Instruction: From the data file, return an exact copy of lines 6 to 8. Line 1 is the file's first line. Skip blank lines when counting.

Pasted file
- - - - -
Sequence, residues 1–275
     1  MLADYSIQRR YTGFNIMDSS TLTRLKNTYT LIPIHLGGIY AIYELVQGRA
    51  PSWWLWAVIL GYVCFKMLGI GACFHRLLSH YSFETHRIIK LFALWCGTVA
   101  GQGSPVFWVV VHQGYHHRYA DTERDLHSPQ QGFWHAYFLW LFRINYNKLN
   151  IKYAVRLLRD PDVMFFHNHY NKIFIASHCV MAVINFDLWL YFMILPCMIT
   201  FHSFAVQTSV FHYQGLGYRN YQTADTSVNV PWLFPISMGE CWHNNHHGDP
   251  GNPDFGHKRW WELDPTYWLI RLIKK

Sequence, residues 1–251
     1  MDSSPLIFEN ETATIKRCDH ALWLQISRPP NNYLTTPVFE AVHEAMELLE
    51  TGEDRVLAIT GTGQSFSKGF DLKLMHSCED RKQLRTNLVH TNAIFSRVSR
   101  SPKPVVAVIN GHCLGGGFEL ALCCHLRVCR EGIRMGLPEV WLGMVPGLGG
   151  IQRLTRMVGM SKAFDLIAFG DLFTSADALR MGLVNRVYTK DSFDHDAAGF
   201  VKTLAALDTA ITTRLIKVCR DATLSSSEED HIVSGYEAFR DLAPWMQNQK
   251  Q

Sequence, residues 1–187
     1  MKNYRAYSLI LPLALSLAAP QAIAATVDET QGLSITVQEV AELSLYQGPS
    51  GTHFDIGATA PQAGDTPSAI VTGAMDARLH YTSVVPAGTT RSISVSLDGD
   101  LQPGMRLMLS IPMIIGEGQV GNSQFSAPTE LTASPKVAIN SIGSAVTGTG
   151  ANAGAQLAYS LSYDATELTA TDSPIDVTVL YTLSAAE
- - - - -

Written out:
   201  FHSFAVQTSV FHYQGLGYRN YQTADTSVNV PWLFPISMGE CWHNNHHGDP
   251  GNPDFGHKRW WELDPTYWLI RLIKK

Sequence, residues 1–251